In the 16th century, Christian (Jesuit) missionaries to Japan initially found an enthusiastic and receptive audience, in part because they brought with them the possibility of economic ties to Europe. 300,000 Japanese converted to Christianity, but in time, the tolerance of the government authorities ended and Christianity was outlawed. In the years to come, suspected Christians were ritually tortured and killed, unless they denied their faith and “apostasized,” trampling on an image of Christ or the Virgin Mary. On February 5th, 1597, twenty-six Christians, including both European missionaries and Japanese laity, were crucified in Nagasaki. By 1630, Christianity in Japan had been completely driven underground. Set in 17th-century Japan at the height of the government persecution of Christians, Shusaku Endo’s Silence is a fictional treatment of a very real, devastating, and brutal historical situation.
A novel that could have as easily been called “The Passion of Padre Rodrigues,” Shusaku Endo’s Silence poses difficult questions and gives very few answers. Broadly, it is about the conflict between Christianity and Japan’s cultural identity. Specifically, Silence centers on a Portuguese priest who embarks upon a missionary journey to and through Japan, hoping to bring the sacraments to Christians in hiding and find out the truth of the dreadful rumor that Padre Ferriera, his former teacher, has apostasized. Rodrigues’ experience parallels that Passion of Christ, often quite literally. He is questioned, tortured, and even, at one point, rides a donkey in front of a crowd. This is not a hidden allusion; the priest frequently reflects on the similarities and usually finds encouragement in Christ’s acceptance of his pain. Rodrigues endlessly imagines Christ’s face, finding peace in the suffering he sees there.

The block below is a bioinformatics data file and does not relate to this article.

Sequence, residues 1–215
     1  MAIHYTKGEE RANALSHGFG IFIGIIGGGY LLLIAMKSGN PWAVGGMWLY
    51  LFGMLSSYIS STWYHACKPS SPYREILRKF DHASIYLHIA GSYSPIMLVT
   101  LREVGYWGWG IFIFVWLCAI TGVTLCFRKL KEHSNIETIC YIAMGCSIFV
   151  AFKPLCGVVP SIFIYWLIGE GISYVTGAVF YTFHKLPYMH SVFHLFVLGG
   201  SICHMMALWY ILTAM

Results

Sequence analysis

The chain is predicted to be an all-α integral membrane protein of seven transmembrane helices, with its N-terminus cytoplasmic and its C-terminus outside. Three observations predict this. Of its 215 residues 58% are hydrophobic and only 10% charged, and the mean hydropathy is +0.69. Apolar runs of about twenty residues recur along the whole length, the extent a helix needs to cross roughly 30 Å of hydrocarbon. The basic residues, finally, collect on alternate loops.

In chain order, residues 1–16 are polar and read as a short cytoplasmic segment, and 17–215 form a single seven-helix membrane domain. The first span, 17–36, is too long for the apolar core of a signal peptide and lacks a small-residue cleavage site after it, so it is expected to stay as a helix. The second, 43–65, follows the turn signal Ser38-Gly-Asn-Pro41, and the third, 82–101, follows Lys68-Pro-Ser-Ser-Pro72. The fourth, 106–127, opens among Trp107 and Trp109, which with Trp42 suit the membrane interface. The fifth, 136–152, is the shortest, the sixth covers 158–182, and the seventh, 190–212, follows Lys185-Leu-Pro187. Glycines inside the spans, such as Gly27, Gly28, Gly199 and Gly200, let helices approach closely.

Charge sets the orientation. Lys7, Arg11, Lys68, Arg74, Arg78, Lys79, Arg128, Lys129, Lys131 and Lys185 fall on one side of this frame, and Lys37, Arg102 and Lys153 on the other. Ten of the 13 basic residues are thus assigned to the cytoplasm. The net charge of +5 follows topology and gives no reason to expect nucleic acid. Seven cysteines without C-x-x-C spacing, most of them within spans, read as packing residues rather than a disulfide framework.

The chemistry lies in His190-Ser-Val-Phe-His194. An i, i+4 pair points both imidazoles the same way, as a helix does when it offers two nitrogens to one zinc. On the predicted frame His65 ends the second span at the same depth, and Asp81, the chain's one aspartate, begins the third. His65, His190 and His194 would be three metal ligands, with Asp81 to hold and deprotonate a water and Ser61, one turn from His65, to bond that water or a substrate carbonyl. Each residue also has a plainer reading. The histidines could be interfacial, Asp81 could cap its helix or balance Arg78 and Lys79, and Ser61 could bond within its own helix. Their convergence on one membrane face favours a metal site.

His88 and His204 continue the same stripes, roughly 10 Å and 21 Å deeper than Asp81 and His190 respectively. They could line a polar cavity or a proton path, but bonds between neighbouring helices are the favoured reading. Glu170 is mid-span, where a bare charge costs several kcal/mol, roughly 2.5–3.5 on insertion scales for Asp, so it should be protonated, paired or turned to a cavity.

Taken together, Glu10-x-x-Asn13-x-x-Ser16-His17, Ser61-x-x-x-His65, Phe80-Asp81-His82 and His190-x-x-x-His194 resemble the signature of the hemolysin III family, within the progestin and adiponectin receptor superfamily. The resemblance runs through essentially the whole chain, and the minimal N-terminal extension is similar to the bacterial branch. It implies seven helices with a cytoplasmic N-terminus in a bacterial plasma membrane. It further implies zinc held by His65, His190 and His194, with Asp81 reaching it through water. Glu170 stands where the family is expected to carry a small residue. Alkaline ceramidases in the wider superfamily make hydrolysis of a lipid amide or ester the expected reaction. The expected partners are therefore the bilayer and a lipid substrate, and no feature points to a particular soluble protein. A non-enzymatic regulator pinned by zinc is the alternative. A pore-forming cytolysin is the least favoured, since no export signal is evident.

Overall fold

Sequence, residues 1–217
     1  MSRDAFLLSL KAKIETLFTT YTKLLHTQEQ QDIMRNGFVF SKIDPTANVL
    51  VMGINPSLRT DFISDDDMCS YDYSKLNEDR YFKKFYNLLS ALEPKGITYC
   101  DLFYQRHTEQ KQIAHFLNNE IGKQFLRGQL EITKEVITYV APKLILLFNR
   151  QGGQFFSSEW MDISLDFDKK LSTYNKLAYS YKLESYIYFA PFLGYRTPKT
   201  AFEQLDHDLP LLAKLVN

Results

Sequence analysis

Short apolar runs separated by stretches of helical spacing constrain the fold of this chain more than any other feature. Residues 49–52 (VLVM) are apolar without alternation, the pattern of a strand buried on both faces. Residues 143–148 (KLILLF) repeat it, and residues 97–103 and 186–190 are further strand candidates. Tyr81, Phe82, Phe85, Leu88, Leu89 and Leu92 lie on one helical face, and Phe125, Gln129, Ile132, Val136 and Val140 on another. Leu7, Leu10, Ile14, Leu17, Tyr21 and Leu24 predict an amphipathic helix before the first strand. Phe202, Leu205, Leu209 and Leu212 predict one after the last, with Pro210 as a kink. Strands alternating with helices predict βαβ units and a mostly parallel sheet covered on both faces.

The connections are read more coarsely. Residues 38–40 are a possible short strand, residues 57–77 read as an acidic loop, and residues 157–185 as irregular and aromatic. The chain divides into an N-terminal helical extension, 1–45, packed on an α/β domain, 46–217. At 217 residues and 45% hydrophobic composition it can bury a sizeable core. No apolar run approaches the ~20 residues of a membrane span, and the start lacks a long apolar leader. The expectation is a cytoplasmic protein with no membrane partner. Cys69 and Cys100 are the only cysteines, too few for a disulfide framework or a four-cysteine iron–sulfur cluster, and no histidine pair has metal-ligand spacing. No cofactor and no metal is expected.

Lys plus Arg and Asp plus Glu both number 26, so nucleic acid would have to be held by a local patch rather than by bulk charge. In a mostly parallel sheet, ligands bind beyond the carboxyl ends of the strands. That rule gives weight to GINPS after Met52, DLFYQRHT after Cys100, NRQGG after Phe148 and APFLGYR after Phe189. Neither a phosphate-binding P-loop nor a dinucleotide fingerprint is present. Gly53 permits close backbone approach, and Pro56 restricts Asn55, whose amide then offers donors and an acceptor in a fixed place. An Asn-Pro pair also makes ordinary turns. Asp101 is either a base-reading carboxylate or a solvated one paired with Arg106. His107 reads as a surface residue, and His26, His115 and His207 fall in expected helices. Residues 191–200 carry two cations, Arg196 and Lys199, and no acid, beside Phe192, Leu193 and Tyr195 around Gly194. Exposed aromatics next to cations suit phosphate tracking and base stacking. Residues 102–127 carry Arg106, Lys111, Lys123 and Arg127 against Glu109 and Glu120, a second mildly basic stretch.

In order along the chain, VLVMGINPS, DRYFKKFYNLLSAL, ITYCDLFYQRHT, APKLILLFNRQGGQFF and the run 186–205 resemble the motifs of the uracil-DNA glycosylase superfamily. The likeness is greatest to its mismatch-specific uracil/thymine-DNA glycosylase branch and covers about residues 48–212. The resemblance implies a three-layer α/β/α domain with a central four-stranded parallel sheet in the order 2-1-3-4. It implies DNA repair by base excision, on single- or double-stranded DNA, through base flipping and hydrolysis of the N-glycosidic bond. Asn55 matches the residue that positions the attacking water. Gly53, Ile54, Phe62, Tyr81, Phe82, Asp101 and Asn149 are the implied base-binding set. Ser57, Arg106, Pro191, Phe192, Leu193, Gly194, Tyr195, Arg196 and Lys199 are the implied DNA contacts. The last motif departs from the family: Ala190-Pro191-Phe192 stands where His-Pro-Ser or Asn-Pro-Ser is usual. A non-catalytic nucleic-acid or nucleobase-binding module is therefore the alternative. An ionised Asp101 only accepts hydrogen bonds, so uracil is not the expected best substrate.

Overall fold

Rodrigues’ anguish manifests in his constant plea for God to cease being silent in the face of such persecution. Why does God allow his true believers to endure such pain and torment? The priest at one point explains the traditional Christian explanation for the existence of evil – “God created everything for good. And for this good he bestowed on man the power of thought; but we men sometimes use this power of discrimination in the wrong way. This is evil” (89) – but shows signs that he himself has difficulty accepting this easy explanation, as when he silently asks God, “Why have you abandoned us so completely? Even the village was constructed for you; and have you abandoned it in its ashes? Even when the people are cast out of their homes have you not given them courage? Have you just remained silent like the darkness that surrounds me? Why? At least tell me why. We are not strong men like Job who was afflicted with leprosy as a trial. There is a limit to our endurance. Give us no more suffering” (96).
The novel explores the contrast between strong and weak men, endlessly considering what the difference might be and coming to no conclusion. Nor does it provide a decisive answer to the intense moral dilemma Rodrigues faces, as the Japanese peasants he came to save are tortured and killed because of his refusal to apostasize. And yet, if you look carefully throughout the book, there are hints of answers. Is God truly silent through this novel? Or is Rodrigues failing to listen? “The noise of the oars from beyond stopped, and a weak voice could be heard trying to answer. The priest had a feeling that he had heard this voice somewhere before, but he could not recall where” (96).